**Picture showing country side**

 

Now that we were in W. VA., we had really come to the mountains, and it certainly was fine to go up and down and around thru the mountains.

 

Below is another scene taken in the mountains in W. VA.

 

**Picture showing hilly scenery**

 

The picture does not look as though this was taken in the mountains district, but the picture though plain enough does not make the mountains look as high as they really are. Then, too, sometimes the upgrade or downgrade was so gradual one didn’t realize their heighth until we were down in some valley and would look back to see where we had come from. But even at that, I believe I was somewhat disappointed in the mountains as far as their heighth was concerned. I had expected them to be so much larger. But they were by far more beautiful than I had expected to see them. Sometimes we could see the road away up ahead of us, winding like a narrow strip of ribbon.

 

There were very few cross roads in the mountain district, just the one main road, so we had no trouble finding our way. Then, too there were signs all along the road giving the mileage from one place to the next. Below is another scene taken somewhere in W. VA.

 

**Picture showing scenery/road/hills/telephone poles**

 

About 5 o’clock in the evening we were in Wheeling, W. VA. We stopped here for a short while and sent some cards.

 

This was surely a beautiful place. We could look down in the valley below and see a little town down by a river. Then, too, the mountains seemed to nearly surround this place.

 

Just before getting out of Wheeling, we had to cross a bridge and had to pay toll. I don’t remember how much it was now.

 

A little piece on the other side of Washington, PA, we stopped for that day. It was almost 8 o’clock then. We ridden 356 miles since 3 o’clock that morning and had made very few stops, only long enough to mail a card or so, get gas, or the like.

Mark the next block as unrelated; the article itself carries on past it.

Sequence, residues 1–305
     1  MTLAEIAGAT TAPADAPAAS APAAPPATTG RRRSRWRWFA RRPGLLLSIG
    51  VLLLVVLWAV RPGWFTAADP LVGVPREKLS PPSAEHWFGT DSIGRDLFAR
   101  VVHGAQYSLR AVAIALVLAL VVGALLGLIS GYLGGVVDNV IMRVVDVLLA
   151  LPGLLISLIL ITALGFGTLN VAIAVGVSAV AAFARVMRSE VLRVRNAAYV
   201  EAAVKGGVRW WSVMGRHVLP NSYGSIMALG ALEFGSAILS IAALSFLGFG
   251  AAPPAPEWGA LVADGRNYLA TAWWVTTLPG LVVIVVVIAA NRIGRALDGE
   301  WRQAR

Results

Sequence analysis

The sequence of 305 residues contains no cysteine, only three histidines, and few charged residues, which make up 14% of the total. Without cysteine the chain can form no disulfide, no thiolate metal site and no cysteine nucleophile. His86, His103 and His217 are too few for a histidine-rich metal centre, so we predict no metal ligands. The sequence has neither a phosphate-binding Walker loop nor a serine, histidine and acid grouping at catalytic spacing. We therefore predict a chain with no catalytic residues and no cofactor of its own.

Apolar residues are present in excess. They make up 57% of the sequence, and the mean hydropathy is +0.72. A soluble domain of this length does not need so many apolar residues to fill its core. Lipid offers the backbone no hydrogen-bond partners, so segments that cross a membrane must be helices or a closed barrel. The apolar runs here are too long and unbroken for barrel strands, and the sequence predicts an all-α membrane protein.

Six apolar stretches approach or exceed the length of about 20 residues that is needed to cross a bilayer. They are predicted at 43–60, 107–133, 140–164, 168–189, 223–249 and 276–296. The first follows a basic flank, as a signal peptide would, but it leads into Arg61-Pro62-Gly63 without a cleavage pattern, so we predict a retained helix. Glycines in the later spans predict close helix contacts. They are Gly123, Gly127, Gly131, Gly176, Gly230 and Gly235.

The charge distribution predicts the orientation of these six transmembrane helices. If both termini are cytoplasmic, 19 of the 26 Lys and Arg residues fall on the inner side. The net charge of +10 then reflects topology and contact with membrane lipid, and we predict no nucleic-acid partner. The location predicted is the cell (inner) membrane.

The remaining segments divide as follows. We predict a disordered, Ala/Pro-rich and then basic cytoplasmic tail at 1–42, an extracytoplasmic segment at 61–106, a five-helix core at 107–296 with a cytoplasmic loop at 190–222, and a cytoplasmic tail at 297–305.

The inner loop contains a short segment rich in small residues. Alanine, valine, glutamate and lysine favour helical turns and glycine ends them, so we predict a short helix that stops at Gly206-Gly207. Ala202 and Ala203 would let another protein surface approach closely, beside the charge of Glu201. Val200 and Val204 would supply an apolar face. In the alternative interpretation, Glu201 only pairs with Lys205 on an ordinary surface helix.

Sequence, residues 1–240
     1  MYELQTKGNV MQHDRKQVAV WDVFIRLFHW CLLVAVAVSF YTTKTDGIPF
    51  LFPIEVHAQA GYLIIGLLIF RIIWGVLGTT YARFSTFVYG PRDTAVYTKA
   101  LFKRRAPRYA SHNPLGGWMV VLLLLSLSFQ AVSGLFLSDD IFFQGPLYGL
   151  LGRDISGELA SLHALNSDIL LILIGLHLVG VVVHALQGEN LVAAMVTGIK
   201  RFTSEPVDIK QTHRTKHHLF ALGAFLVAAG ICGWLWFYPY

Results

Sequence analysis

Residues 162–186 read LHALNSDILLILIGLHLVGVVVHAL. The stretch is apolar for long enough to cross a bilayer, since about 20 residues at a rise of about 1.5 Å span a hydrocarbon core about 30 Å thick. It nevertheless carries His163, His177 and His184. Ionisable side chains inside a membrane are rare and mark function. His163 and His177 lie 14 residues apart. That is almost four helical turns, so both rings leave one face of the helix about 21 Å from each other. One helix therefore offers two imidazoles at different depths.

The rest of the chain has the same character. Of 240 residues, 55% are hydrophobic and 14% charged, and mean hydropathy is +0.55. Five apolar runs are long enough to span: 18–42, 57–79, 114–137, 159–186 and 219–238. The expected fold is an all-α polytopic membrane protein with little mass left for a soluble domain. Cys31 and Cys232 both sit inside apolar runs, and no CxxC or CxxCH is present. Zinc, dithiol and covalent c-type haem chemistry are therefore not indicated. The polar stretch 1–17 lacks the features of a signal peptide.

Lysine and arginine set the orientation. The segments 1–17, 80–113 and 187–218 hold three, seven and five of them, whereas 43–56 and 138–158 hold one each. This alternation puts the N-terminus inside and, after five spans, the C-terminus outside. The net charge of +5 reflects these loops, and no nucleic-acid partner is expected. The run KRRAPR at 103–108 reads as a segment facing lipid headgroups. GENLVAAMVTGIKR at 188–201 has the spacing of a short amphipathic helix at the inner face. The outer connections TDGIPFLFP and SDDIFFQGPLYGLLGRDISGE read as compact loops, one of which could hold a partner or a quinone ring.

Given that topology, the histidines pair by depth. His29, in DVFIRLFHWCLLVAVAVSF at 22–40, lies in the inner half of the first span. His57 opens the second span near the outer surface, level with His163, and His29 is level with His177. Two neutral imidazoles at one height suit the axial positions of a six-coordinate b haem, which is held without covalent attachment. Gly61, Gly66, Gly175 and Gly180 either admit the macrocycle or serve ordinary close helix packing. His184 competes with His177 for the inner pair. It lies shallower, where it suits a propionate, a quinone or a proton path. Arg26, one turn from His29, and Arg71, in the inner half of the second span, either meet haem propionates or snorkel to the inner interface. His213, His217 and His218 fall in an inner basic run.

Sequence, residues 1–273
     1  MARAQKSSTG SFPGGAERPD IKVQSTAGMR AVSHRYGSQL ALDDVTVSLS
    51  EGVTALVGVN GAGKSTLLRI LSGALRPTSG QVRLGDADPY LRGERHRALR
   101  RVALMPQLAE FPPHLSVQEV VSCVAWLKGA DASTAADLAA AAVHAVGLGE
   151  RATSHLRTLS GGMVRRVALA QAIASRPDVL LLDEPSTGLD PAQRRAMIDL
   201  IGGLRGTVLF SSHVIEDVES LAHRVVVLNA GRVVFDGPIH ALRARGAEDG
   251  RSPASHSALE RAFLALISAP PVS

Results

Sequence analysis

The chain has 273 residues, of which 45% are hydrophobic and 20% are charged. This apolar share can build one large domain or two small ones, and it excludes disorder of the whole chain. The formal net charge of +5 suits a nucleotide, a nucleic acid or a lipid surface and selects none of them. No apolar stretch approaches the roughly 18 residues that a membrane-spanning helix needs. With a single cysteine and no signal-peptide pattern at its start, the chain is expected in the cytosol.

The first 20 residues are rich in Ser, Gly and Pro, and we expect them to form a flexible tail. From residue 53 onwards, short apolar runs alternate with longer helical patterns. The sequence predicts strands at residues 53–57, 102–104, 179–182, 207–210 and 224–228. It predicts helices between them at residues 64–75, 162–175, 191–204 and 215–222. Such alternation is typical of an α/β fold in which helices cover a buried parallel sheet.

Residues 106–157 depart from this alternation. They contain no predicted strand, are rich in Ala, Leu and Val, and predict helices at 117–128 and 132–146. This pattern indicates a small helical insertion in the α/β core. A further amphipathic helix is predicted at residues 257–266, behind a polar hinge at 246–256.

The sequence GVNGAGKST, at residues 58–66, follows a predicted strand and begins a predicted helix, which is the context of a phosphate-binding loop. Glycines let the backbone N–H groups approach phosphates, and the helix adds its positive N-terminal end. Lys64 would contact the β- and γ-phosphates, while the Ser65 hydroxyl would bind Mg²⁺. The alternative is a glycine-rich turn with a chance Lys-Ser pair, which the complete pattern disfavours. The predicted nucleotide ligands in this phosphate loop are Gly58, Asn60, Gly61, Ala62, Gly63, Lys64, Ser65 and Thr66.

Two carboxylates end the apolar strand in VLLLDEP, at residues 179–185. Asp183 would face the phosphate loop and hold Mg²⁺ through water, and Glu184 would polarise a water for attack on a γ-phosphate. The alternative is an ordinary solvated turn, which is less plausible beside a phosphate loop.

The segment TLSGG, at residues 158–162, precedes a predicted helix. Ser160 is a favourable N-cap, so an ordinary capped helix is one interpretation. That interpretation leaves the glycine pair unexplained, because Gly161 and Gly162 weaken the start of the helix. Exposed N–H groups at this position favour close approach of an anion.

Mama gave us a lunch to take with us and Albert didn’t stop long enough to even eat, but ate while driving. He had a sandwich and a piece of chicken in one hand and drove with the other.

 

We had a small tent with us and blankets and pillows, so when we came to a little deserted looking road, we drove up in it about half a mile, found a flat place to fix our bed and put up our tent and then sleep. We happened to stop near a farmhouse an dthe people were singing and one man was playing a French harp, so the music or something put us to sleep about as quick as we lay down. We both slept fine.

 

We felt fine after our sleep and were ready to start at 3:30 the next morning before anyone else is up. We could make good time as there was no traffic to hinder us. Early in the morning it would be foggy, so you could barely see some of the little towns snuggled down in the valley below. We went thru Cumberland and Hagerstown, MD, and Washington DC and Baltimore, MD stopping right on the other side of Baltimore about 10 o’clock that evening having ridden 302 miles on our second days journey. We had now ridden 658 miles since leaving home.

 

While going thru the mountains in Maryland that morning, we passed quite a few miners going to work. Some of them seemed to have quite a long and steep road ahead of them, so Albert asked some man to ride, thinking he was a miner going to one of the mines early. But we found that he was a regular tramp and was going someplace quite aways from there which was right on our road, but as we didn’t like to have a tramp for company, after he had ridden quite a ways. Albert told him he could get off now and walk.

 

All thru the mountains were filling stations and we could always get gas, oil, and water when we needed it. The grades were longer and steeper up the mountains now, so we had to stop quite frequently and let the motor cool. Gas was higher farther east than it had been at home.